Children of Privilege
It happens everywhere in the world. Our sons and daughters feel entitled to what we have earned in our lifetime. They carry our guns, ride our cars, use our bodyguards, eat our food and at the end of the day feel restless when the traffic gets tough. After all, it’s not easy to cope with Dhaka traffic or the waterlogging, let alone the ugly billboards and the waste dump stations that occupy most of our streets. After all, there’s no quick solution in sight as any solution takes months to be addressed and at times even a few years. In a dismal situation like this, how can we expect our children to feel anything but anger? And if they are shooting innocent people on the streets for sharing their roads, it’s of course understandable. After all, these are our innocent children who need to be shielded by us. So we save them, let them ride our official duty free Prado jeeps, equip them with gun licenses and let them shoot when in disgust. In the process if a few people have lost their lives, who cares? After all, those who died don’t count. They are not the children of the privileged; they are children of a far lesser god.
Children of powerful gods are everywhere, of course. For instance, Sebastián Dávalos, the son of Chilean President Michelle Bachelet, has cost his mother her reputation while he handles the corruption scandal involving his wife Natalia Compagnon and her company Caval. Bachelet’s son and daughter-in-law are being investigated after Caval purchased land in the south of Chile, Machalí, with a $10m (£6.7m) loan Dávalos secured from Banco de Chile. The loan was initially denied but reports allege Dávalos met with Chilean entrepreneur Andrónico Luksic to negotiate a deal. Caval later sold the land at a higher price following development plan changes, netting the company about $5m in profit. Apparently, the President ‘did not know’ about his son’s loan and land purchase. The corruption scandal has rocked La Moneda and Bachelet’s return to the Chilean presidency.
The problem, however, remains that powerful people must know where their children are investing, how they are acquiring wealth, when they are on “drugs” or killing rickshaw pullers and CNG drivers when they get distressed in traffic. This lack of information is actually symptomatic of a system that is beholden to the political class. This relationship, in turn, stems from the perception of ‘mai-baap’ sarkar where those having political power are put on a pedestal and viewed as rulers and patronage-givers rather than public servants. As a result, those associated with politicians – including family members – bask in reflected status and power.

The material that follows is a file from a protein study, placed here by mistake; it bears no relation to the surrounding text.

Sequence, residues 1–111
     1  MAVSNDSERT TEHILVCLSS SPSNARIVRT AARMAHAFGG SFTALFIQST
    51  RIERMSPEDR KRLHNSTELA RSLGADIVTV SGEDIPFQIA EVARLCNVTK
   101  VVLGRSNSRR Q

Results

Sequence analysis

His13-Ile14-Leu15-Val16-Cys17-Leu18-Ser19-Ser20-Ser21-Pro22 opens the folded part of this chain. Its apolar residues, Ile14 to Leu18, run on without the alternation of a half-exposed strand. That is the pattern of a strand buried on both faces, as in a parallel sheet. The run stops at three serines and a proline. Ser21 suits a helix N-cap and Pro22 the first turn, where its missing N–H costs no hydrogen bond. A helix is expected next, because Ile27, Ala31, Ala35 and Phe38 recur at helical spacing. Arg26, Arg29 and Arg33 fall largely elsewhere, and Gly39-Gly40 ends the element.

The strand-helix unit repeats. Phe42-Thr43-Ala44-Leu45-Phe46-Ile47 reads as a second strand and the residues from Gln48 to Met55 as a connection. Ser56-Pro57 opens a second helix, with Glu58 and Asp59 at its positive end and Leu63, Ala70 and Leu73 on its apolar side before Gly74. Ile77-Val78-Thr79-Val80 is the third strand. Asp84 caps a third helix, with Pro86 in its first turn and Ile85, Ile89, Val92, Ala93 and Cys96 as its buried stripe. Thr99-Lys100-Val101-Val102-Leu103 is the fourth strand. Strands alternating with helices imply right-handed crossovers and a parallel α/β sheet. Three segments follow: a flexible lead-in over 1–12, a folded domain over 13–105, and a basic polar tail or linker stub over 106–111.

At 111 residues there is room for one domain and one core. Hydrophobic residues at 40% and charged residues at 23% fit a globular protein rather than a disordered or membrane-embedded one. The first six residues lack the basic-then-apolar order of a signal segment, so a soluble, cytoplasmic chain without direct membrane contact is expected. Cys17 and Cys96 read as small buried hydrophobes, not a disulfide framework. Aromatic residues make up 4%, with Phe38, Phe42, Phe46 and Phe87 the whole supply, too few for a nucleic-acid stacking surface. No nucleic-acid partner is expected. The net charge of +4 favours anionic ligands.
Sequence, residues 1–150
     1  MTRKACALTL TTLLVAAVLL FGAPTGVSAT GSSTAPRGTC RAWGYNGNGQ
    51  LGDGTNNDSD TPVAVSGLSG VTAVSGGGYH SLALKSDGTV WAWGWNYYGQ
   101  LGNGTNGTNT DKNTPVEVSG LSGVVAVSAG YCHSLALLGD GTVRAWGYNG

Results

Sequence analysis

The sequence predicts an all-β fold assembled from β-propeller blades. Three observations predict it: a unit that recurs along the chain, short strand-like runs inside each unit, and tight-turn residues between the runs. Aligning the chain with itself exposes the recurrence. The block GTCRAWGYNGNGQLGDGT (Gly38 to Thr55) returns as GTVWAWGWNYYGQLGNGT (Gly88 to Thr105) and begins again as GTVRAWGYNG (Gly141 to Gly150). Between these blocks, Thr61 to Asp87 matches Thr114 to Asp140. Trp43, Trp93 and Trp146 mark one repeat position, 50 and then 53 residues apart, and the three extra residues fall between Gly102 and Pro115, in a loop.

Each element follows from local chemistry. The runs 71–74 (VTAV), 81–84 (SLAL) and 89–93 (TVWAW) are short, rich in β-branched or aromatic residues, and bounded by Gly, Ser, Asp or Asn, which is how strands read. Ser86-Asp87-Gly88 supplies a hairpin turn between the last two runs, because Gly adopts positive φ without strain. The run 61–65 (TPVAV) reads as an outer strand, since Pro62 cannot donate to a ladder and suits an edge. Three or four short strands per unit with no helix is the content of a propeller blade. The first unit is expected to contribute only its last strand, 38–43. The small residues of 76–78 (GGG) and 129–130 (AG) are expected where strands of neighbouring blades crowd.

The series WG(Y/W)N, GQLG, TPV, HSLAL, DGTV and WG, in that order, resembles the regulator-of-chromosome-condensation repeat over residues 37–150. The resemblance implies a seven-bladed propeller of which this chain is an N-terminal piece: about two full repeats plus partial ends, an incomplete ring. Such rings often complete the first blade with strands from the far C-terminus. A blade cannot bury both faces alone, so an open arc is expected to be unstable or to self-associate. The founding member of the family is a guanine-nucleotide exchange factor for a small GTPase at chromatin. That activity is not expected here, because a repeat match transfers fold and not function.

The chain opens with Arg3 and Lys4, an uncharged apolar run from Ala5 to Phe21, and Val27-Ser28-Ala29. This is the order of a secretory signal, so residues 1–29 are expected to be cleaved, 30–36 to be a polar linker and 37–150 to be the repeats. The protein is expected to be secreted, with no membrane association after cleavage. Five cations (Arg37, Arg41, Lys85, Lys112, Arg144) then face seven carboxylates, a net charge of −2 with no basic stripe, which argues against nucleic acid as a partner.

Dynastic politics has also become a widely practiced process in our part o f the world. So, with the replacement of the Gandhis and the Congress Party by Narendra Modi and the Bharatiya Janata Party (BJP), India’s TV channels have quickly proclaimed the end of dynastic rule. However an article in The Hindu subsequently noted that 24 percent of the current Parliament (130 MPs) has a dynastic background. India, however, is not the most extreme case of dynasticism in a modern democracy for which comparable data are available. That distinction belongs to the Philippines, in which half of all Congress persons in 2007 followed a relative into elected office. In Japan, Iceland and Ireland, between a third and a fourth of elected legislators in 2009 were dynastic. This distinguishes it from countries such as the UK, Belgium, Israel, the US, Norway, and Canada, in which the proportion of dynastic legislators ranged between 1 percent and 11 percent, respectively.
Now there’s nothing wrong with sons or daughters coming into politics provided they are well-bred and prepared. In fact, it’s natural for a son to be following his mother or his father into politics as the natural environment allows them to do so. What’s however wrong is when we let our children go astray, demand little education from them and allow them to call the shots on our history and political property from abroad without having been properly tested . . . academically. There lies our tragedy. The realisation that bad sons don’t really reflect on a particular political party and that a bad apple is always an unfortunate rotten one needs to be reckoned with.
Your columnist recalls a time when she disallowed her young sons to play with tiny water guns. Today, ironically, many grown up sons have started playing with guns while they are drunk and dissatisfied. As parents – need we remind ourselves that while the death of an auto-rickshaw driver Yakub Ali and rickshaw-puller Abdul Hakim may not have touched our lives and while their deaths are being viewed as an accident caused of one of our sons gone bad – we remain hugely responsible to convey to our children that life does not end with lineage and there is a higher God who designs the higher destiny. . .